Obviously this blog has already covered many iconic films most of which have gone on to win the Best Picture prize. It has also allowed me to fill in a lot of gaps in my cinematic viewing as there are many classic films that I have never watched. One such film is Ben-Hur, which grabbed the top prize at the 1960 Academy Awards. Obviously I was aware of the film’s iconic chariot race but at the time I didn’t realise how much of it relied on the characters’ religious beliefs.
In fact some of the early scenes in the film revolve around us seeing Joseph and Jesus at the former’s carpentry warehouse. However, as you probably guessed, the film is mainly based around Charlton Heston’s titular character. At the beginning of the film, Ben-Hur is a wealthy prince who is glad to have his old friend Messala back in town as the new Roman tribune. However, the two fall out after Ben-Hur doesn’t give Messala the names of the Jews who criticise the Romans. As revenge, Messala condemns Ben-Hur to the galleys after a roof slate falls during a parade for the Romans. Now a slave, Ben-Hur finally gets to prove himself when their ship is attacked by Macedonian forces and he frees the boat’s commander Arrius. Ben-Hur stop Arrius committing suicide and the two are later rescued, with Arrius successfully petitioning for Ben-Hur’s freedom. Arrius then adopts Ben-Hur as his son and treats him to the finer things in life but Ben-Hur eventually decides he needs to return to Judea. On return to his hometown he meets his old slave’s daughter Esther who informs him that his mother and sister have died. In actuality, the pair have contracted leprosy and are now living in a commune, but they don’t want Ben-Hur to know about it. Filled with rage, Ben-Hur agrees to compete in a chariot race for wealthy Sheik Ilderim so he can defeat Messala once and for all. After being successful in the chariot race, Ben-Hur sees Jesus perform the Sermon on the Mount and later witnesses his crucifixion. He also attempts to give Jesus water, as Jesus had given Ben-Hur water earlier on, and in return for this Jesus miraculously cures Ben-Hur’s mother and sister.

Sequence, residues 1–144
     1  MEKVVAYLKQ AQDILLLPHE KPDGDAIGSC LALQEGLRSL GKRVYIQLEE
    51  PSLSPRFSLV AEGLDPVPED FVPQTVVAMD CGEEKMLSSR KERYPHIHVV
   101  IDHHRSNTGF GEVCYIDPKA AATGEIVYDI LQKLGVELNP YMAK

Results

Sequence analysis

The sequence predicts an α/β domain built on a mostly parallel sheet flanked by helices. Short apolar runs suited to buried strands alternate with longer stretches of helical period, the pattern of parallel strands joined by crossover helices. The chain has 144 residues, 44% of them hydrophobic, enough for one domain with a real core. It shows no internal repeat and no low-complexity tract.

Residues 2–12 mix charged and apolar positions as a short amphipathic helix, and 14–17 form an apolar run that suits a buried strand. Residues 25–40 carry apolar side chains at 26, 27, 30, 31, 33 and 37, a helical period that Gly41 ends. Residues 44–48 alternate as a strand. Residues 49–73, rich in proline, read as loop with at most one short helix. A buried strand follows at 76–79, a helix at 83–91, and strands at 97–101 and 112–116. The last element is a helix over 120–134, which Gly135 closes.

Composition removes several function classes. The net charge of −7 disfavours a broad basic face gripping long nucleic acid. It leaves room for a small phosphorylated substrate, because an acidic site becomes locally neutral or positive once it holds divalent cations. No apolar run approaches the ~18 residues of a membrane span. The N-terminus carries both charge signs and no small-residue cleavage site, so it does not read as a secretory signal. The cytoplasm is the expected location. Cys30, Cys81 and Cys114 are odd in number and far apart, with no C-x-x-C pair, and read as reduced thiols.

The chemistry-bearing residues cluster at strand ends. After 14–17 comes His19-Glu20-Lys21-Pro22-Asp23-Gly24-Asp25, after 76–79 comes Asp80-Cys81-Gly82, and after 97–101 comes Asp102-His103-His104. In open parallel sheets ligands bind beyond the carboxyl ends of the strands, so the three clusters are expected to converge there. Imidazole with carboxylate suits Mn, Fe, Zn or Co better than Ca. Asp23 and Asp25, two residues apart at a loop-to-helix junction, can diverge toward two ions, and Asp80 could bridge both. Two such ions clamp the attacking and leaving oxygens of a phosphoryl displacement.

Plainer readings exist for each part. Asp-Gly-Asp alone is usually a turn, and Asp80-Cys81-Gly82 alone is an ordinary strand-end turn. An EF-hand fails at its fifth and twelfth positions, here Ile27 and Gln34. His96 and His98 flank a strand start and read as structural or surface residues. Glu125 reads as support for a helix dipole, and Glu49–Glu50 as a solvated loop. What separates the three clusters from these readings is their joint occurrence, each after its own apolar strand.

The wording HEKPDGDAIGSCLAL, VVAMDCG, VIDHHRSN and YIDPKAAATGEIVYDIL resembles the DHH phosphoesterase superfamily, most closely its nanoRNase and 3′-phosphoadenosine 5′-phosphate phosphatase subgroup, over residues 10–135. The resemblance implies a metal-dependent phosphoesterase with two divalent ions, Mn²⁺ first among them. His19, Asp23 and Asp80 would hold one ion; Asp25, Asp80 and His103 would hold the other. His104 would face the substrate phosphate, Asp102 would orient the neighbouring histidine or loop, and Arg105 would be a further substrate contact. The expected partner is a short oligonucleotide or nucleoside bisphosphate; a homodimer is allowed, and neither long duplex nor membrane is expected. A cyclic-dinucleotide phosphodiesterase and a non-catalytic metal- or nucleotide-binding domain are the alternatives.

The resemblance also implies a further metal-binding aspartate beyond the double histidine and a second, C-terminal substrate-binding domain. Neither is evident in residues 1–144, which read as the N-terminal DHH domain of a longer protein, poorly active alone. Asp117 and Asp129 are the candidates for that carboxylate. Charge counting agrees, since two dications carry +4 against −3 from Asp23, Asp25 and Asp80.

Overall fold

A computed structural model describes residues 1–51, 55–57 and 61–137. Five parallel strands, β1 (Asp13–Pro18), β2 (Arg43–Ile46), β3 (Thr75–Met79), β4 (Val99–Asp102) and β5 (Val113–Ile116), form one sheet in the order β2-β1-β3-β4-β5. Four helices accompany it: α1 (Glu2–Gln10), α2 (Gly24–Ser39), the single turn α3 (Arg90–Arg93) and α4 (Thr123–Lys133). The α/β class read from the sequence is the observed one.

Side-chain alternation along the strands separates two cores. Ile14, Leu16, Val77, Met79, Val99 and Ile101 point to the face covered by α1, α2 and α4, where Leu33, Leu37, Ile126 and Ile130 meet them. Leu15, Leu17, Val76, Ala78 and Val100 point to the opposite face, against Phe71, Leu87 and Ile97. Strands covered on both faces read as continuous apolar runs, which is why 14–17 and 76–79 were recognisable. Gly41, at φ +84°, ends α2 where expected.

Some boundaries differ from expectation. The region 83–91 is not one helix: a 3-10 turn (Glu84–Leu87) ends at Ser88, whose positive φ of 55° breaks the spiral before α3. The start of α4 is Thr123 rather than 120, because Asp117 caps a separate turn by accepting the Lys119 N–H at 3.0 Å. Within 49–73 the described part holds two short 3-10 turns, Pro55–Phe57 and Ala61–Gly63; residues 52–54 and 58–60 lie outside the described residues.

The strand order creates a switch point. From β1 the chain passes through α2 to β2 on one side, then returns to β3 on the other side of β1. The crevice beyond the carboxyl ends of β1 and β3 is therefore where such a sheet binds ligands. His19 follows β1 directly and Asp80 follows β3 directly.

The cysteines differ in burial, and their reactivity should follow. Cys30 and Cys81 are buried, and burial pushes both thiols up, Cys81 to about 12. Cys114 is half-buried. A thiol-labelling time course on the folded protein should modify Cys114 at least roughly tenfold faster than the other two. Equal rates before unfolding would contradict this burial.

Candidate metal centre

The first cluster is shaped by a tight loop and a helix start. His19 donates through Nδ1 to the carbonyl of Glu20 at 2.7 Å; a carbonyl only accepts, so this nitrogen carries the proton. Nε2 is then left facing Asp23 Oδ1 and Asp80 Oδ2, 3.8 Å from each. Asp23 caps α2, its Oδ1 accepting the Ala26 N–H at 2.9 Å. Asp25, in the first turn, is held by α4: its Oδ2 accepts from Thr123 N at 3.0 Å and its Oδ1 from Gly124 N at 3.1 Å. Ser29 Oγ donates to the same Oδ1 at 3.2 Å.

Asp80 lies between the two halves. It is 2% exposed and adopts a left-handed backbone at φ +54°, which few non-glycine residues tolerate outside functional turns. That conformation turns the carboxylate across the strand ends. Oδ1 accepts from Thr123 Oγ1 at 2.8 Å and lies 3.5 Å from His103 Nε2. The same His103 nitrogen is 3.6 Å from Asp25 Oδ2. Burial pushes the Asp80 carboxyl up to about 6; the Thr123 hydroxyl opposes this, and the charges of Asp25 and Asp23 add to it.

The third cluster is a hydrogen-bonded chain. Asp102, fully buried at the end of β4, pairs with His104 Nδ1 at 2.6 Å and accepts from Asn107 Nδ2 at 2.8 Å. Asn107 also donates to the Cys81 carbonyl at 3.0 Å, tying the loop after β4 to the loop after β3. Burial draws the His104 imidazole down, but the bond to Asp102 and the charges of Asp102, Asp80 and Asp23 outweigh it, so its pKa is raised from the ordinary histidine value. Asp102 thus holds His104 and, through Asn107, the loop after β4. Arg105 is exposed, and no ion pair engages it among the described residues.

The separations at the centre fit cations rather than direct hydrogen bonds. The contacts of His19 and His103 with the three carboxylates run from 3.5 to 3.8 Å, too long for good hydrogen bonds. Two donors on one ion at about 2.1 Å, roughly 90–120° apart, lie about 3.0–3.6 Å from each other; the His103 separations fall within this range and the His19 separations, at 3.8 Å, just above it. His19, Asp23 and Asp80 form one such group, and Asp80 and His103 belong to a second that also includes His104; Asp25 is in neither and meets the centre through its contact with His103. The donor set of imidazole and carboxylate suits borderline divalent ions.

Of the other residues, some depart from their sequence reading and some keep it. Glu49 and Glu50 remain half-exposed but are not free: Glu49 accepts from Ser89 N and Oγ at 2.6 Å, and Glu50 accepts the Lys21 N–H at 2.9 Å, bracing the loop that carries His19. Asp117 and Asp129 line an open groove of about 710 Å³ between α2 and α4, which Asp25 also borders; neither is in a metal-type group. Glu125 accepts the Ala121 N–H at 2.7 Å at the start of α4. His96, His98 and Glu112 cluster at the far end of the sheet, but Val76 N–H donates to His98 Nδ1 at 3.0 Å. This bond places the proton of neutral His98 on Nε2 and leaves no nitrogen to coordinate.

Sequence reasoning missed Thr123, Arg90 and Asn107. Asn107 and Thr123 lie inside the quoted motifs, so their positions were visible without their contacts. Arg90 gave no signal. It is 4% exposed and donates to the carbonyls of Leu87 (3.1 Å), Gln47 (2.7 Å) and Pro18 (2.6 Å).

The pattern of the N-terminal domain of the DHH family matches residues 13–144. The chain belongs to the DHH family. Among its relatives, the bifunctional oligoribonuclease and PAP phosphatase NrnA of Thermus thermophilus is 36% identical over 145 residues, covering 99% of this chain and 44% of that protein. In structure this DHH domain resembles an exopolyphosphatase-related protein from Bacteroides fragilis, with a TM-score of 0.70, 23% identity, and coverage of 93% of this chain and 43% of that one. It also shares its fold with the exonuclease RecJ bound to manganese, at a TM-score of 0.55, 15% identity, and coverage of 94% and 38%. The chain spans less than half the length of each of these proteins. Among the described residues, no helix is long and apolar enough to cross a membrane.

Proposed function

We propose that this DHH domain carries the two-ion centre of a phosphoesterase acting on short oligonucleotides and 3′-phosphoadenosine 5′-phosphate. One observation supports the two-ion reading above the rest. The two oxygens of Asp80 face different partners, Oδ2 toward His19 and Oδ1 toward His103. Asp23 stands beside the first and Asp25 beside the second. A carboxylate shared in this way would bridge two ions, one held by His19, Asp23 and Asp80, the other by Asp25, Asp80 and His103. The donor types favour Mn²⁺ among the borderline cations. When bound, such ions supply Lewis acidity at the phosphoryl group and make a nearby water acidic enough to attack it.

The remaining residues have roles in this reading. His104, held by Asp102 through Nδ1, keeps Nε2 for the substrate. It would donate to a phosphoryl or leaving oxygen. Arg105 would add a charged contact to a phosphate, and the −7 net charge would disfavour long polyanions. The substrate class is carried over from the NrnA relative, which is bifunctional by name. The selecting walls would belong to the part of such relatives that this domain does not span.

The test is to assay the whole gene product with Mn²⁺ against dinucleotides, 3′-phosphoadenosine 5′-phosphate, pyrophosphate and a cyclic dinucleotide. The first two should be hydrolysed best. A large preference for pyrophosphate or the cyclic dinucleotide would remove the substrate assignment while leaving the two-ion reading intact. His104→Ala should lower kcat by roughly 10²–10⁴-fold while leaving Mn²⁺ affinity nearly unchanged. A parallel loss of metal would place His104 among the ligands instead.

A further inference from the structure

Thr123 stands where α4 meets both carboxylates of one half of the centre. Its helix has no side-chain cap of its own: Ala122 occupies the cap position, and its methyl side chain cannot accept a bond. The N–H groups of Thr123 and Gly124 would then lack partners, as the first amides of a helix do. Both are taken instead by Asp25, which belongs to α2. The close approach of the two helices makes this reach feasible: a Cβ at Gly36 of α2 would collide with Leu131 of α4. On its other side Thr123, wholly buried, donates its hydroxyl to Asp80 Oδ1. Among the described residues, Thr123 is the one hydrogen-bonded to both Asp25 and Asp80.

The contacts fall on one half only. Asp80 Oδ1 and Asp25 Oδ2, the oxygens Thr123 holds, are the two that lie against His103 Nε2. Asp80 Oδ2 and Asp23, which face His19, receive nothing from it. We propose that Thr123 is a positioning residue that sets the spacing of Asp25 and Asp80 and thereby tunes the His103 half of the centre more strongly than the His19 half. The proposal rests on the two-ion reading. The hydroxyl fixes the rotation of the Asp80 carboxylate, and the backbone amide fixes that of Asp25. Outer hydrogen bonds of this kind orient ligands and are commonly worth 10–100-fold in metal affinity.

Ben-Hur is definitely a film that is of its time. I think if it came along today then it wouldn’t receive the same praise as it did back then. Indeed Ben-Hur has gone down in Oscar history as one of three films, along with Titanic and Return of the King, to win 11 awards. Among these was a Best Actor Award for Charlton Heston who essentially played the same role as he did in The Ten Commandments. Heston’s brooding Ben-Hur was certainly compelling but I feel he over-did his performance at some points. Hugh Griffith, as Sheik Ilderim, was also rewarded with the Best Supporting Actor Award for what was a primarily comic turn. Indeed I believe the best performance in the film came from Jack Hawkins as the emotionally tormented Quintus Arrius. I felt Hawkins excelled in the scenes in which his ship comes under attack and he attempts to kill himself only to be freed by one of his slaves. Obviously the film is best remembered for the chariot scene and I felt that was visually spectacular. Indeed, this was what I’d been waiting to see and it didn’t disappoint with both director William Wyler and cinematographer Robert L Surtees going out of their way to make this scene completely thrilling.
Elsewhere I really enjoyed the scenes in which Ben-Hur was a slave on the boat and found the award-winning Art Direction was also in full force during the section of the film that was set in Rome. I have to say though, and I know this may be seen as heresy, but I felt that the film took a good while to get going and could’ve been trimmed down by at least thirty minutes. Having said that, I can at least argue that Ben-Hur deserved its Best Picture Oscar as this was a visually-stunning and bold epic which audience wouldn’t have seen at the time. While it’s far from perfect, it has enough going for it to be a rightful winner and I have no problem with this being one of the eighty or so Best Pictures that I will encounter on this blog.